It’s true that being active on social media helps you remember more names and faces of acquaintances than you’d be able to without Facebook or Instagram. Research has shown this. But since all these weak online connections won’t really cross into our circle of 150, it’s unclear what the actual effect of this new activity is on our brains.
But this is all concerned with maintaining friendships and relationships online — not lurking. I am not trying to maintain a friendship with Jake Paul, although somehow my brain has retained a short list of whom he is feuding with at any given moment (currently: Zayn Malik and Gigi Hadid). Even that kind of celebrity gossip uses a different cognitive function.
To passively scroll past thousands of strangers is very different than the kind of social relationship that I passively maintain on social networks with what are acquaintances at best.
My brain has to do a fair amount of work when I’m looking at my friends’ posts. I might actually react — like a photo or tweet, maybe reply to an Instagram story over DM. There are pieces of information that I choose to retain: Someone went on an interesting vacation, someone has a new haircut or got engaged, details I want to remember and maybe talk about with them later.
With strangers, I’m free. I need to retain nothing, I treat their posts like a visitor to our national parks: leaving no trace, taking nothing but the occasional screenshot.
But with strangers, I’m free. I need to retain nothing, I treat their posts like a visitor to our national parks: leaving no trace, taking nothing but the occasional screenshot.
What exactly is the neurological effect of viewing so many strangers? I asked Joseph Firth, a senior research fellow with the NICM Health Research Institute at Western Sydney University, who was one of the authors of a research paper, “The ‘online brain’: how the Internet may be changing our cognition.” Firth and his colleagues were more concerned with other areas — how the internet affects mental health in young people, or how the ease of online search might benefit memory for older adults.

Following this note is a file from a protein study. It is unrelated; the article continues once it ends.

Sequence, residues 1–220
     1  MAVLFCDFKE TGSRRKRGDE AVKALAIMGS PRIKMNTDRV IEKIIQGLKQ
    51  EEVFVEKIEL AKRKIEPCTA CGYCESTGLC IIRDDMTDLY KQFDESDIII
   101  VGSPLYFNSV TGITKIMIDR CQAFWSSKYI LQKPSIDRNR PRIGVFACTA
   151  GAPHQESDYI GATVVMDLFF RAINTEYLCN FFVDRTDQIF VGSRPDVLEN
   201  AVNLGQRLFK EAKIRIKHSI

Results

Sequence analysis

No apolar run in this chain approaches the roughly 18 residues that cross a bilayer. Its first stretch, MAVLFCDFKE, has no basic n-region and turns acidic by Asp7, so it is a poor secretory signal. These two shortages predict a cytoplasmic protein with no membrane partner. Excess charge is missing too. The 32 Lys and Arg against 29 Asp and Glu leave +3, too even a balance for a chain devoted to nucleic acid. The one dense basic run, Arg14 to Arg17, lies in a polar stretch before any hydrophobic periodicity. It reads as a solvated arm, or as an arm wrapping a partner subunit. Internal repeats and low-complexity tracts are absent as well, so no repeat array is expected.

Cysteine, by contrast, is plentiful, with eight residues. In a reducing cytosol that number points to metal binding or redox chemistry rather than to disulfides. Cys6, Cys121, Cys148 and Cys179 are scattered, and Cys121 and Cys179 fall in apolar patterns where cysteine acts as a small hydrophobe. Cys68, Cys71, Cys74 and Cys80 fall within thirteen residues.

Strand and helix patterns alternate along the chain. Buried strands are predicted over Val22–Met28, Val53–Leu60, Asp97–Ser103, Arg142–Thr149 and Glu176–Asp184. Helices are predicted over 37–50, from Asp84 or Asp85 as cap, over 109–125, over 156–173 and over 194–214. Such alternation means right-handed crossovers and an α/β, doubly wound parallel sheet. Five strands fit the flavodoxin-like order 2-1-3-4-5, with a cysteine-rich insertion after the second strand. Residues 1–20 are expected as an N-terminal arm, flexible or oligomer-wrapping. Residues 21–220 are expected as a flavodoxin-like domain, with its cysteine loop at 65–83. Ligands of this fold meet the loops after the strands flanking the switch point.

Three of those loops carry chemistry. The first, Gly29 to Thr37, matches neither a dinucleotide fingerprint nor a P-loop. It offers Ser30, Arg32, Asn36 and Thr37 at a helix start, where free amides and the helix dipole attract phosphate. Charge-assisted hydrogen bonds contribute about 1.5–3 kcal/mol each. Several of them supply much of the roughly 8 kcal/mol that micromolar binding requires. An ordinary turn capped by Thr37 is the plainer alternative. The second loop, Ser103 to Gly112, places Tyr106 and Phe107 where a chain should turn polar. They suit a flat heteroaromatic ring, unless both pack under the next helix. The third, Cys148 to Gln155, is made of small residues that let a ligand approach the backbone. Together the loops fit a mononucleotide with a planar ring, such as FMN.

Firth wasn’t too worried about the effects of viewing too many strangers. “I think there is no evidence that seeing online strangers would be any different to the vast amounts of 'strangers' we see day to day in real life, in transit, at malls, etc., etc.,” Firth said. He pointed out that plenty of people see tons of strangers IRL as part of their profession — a checkout clerk at a busy store or someone at a customer service call center. “And so it seems the human brain is perfectly equipped to manage constantly seeing/processing strangers, online or in real life.”
Of course, anyone who has worked a retail or service industry job would probably argue that there’s an incredible emotional and mental toll from dealing with so many people on a daily basis. Actually talking to new people all day — especially in a customer–worker relationship where there are unpleasant confrontations — is exhausting, even for extroverts.